14.5.2 Promoting Public Health Trans-sectorally as a Policy Criterion
Greater emphasis must now be given to helping countries where there is a particular
need to improve vulnerability assessment, to identify climate change health
risks, and to define needs and resources for mitigation and adaptation programmes.
The strengthening of intersectoral efforts at the international level (for example,
between the health, meteorology, agriculture, and fisheries sectors) could be
a longer-term goal. WHO collaborates with other UN agencies on a number of monitoring
programmes, such as GEMS (Global Environmental Monitoring System) that provides
monitoring and assessment of air and water quality. International monitoring
programmes could be extended to include exposures to the direct and indirect
health hazards associated with climate change and sea level rise (McMichael
et al., 1996; WHO/MRC/UNEP, 1998). Linkages between health-related early warning
systems that are already in existence, such as Global Information and Early
Warning System (GIEWS) and ProMED, will need to be strengthened.
Research requires the availability of quality data. Many international agencies
have a responsibility to collect and disseminate data; e.g., WHO supports a
major international database focused on the incidence of infectious diseases
worldwide. They also have a responsibility to ensure that financial considerations
concerning access to data do not impede research (Colwell and Patz, 1998). International
agencies could support the formation of a central clearinghouse for data on
climate-health linkages in order to facilitate the gathering of data for research,
especially for developing countries and particularly for data generated by global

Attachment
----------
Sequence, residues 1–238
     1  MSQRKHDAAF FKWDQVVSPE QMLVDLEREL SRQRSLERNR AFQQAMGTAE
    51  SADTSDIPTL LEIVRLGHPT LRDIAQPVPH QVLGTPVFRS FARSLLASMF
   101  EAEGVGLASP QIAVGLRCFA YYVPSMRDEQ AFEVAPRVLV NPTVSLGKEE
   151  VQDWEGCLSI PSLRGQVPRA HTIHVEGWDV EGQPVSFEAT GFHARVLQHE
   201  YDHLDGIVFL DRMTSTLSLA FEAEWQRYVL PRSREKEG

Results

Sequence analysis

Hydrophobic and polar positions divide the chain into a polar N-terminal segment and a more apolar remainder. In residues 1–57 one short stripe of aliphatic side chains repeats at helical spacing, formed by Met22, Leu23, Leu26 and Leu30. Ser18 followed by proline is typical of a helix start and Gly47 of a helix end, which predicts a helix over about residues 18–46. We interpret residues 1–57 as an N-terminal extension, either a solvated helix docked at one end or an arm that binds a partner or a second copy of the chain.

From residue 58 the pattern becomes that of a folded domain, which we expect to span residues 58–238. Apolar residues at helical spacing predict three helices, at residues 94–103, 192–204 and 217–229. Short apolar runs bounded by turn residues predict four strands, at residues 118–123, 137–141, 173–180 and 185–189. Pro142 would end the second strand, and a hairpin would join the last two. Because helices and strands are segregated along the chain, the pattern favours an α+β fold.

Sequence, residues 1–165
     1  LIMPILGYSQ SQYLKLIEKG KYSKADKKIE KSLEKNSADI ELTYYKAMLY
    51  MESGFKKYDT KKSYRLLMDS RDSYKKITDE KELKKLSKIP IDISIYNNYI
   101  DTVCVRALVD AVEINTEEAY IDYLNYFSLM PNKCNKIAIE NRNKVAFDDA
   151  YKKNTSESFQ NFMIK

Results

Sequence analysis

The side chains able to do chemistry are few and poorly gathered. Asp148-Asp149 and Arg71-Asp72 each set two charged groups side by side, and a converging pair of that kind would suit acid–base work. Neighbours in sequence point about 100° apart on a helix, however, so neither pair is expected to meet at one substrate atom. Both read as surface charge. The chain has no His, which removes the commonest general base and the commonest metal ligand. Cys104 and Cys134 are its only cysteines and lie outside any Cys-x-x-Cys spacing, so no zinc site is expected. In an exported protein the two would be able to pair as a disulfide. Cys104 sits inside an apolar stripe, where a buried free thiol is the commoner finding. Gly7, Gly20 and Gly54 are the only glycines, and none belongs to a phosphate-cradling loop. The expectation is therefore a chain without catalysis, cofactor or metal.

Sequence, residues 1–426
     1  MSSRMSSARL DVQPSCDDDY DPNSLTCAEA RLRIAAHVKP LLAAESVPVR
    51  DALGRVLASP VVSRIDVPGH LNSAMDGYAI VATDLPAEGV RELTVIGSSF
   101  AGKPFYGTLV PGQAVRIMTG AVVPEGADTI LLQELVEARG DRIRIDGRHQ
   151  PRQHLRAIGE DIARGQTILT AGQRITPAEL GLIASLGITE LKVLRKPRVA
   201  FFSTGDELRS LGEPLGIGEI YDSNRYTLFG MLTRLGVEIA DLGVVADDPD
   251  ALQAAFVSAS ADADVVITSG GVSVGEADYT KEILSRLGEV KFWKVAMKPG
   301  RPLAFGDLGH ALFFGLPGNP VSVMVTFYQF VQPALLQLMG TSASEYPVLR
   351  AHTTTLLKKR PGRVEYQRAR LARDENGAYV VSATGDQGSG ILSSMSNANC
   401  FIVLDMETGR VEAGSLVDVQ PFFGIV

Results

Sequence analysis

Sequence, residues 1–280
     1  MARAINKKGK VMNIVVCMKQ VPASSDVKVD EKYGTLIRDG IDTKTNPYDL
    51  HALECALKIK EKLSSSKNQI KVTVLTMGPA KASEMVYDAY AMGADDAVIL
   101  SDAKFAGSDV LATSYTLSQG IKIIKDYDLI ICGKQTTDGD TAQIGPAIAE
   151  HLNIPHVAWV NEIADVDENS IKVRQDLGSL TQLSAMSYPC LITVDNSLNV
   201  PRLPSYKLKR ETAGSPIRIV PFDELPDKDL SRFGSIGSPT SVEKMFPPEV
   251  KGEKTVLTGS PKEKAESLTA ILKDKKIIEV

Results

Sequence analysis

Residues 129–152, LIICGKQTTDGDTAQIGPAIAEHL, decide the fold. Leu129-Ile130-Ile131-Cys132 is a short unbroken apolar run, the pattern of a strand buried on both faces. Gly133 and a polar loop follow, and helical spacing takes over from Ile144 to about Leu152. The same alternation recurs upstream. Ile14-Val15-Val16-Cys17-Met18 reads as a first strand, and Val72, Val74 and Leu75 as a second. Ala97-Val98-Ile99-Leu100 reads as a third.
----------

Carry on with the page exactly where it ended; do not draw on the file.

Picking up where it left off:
Food security in some countries may be worsened by climate change while it
may be improved in others (IPCC, 1996 WGII [Chapter 13]).
In the former countries, personal, community and national level adaptation options
are likely to be severely limited. The most effective strategies for adaptation
would entail changes in the international mechanisms of agriculture, trade and
finance. Global organisations such as the World Trade Organisation may be best
placed to implement the required changes of policy - provided there is the political
will to address the issue seriously.
In recent decades, there has been a shift of economic power away from national
governments to various private and public organisations (e.g., multi-national
corporations, the World Trade Organization, and regional free trade associations)
which are not explicitly accountable for, nor concerned by, the social, health
and environmental effects of their actions. The "globalisation" and
liberalisation of international systems of trade and finance has facilitated
the exploitation of poorly protected environmental resources in the short term
(McMichael, 1995). Although responsibility for population health remains primarily
national, there is need for new mechanisms for international collective action
in favour of forms of social and economic development that are compatible with
sustained good health (Jamison et al., 1998; McMichael et al., 1999).